Hawk-eyed

Kestrel hovering in the Malverns

Kestrel hovering in the Malverns

Until yesterday, I had had little success photographing kestrels – and certainly not when they were on the wing. But there is a family of five in the Malverns which are very active and readily visible, either darting around or hanging, hovering, in the air.

I first saw them last weekend, but conspicuously failed with the camera. They were there again yesterday, and last week’s failures provided good experience of what not to do.

I was there for over an hour and could have stayed longer, marvelling at their mastery of the air, and enjoying an extraordinary photographic opportunity.

Hanging in the air: kestrel in the Malverns

Hanging in the air: kestrel in the Malverns

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Surveying the scene

The kestrels almost appeared to be hunting together: though probably more in the way of parent teaching its kid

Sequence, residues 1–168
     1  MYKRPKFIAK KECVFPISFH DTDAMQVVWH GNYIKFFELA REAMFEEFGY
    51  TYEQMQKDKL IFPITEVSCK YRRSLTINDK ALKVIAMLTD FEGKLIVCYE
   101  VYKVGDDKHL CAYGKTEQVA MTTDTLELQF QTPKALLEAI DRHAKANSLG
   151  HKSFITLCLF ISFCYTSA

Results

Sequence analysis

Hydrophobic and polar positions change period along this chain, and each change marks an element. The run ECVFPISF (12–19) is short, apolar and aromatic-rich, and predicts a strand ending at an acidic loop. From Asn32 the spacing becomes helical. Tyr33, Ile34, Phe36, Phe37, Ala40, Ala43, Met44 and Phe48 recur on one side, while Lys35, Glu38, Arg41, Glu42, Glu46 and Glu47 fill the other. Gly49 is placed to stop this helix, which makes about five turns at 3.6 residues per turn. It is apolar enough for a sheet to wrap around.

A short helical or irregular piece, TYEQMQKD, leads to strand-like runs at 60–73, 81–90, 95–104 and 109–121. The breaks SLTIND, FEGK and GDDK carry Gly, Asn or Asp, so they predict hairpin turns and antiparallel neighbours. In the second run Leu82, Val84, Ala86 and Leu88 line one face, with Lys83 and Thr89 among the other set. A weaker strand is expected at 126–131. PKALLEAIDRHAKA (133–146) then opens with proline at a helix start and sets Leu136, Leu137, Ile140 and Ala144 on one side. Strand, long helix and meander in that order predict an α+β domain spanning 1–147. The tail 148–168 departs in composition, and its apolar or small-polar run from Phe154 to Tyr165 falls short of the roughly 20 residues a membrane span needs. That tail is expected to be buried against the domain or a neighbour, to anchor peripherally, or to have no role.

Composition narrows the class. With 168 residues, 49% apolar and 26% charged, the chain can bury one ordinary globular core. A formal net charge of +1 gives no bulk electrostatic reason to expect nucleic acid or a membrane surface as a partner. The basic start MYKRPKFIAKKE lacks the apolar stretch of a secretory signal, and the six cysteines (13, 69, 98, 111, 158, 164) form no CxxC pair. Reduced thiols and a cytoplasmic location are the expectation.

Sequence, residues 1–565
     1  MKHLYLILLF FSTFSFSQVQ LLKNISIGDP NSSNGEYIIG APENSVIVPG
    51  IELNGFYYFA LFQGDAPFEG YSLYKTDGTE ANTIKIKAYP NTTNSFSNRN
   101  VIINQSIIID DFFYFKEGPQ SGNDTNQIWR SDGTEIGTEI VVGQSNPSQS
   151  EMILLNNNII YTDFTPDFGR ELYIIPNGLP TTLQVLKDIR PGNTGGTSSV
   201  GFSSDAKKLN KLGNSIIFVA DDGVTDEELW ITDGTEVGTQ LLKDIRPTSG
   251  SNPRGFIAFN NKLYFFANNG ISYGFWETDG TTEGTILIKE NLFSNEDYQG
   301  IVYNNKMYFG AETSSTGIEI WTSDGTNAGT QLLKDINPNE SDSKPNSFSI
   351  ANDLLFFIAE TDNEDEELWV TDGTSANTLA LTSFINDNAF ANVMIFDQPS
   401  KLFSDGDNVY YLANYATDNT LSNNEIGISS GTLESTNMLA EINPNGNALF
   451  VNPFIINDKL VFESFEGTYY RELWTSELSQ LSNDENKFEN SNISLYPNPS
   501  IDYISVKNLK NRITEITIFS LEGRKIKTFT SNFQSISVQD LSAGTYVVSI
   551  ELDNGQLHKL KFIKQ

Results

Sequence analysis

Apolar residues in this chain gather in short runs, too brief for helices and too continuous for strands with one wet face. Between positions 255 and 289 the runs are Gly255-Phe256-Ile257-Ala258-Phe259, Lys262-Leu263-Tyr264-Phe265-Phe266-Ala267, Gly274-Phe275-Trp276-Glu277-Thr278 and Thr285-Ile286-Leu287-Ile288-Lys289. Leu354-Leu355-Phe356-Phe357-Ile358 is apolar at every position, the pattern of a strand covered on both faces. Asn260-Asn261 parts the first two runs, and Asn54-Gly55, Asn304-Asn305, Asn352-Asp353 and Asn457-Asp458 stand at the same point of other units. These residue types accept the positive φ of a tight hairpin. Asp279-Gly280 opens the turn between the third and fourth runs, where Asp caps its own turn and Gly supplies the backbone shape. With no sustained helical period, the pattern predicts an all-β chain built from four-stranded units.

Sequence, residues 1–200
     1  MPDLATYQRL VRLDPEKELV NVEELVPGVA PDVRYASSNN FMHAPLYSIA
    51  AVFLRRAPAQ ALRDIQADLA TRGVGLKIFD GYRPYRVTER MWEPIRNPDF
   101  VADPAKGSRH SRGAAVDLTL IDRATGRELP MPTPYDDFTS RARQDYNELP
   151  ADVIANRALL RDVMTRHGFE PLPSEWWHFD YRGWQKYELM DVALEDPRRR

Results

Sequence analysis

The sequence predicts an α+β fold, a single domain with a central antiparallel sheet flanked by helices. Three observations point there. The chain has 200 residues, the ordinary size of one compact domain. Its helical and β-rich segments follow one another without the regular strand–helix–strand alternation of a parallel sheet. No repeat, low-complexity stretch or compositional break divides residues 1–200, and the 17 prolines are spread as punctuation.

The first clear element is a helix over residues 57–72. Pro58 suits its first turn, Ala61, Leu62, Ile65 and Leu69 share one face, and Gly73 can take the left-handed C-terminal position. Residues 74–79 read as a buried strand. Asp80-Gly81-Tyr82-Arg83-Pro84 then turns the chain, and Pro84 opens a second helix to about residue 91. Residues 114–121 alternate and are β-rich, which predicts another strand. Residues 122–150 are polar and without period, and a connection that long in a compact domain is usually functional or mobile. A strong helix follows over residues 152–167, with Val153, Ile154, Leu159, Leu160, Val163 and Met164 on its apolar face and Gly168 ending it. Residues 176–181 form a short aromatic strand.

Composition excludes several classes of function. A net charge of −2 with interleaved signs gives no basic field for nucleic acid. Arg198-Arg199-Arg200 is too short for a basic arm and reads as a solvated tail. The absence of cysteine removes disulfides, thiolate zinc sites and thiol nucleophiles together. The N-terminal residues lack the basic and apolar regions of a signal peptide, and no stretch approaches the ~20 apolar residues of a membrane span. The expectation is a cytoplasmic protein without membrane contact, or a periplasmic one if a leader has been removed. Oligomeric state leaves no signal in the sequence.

The kestrels almost appeared to be hunting together: though probably more in the way of a parent teaching its kid

As well as hovering, the kestrels frequently dashed from one hovering point to another

The kestrels frequently dashed from one hovering point to another

Eventually I decided to move on as I was keen for a walk as well.

Later, seeing a buzzard, I thought it would be a much more difficult challenge, as they are constantly in motion as they soar and thus beyond the capabilities of my slow-focussing camera.

Almost at that moment, it moved towards me, and then stopped and rested on the thermals. Perhaps being used to the presence of humans in the Malverns, it was unperturbed by my pointing a camera at it – and secured my best-ever buzzard shots (even exceeding Monday’s efforts!)

This buzzard hung in the air long enough for me secure some good photos.

This buzzard hung in the air long enough for me secure some good photos.

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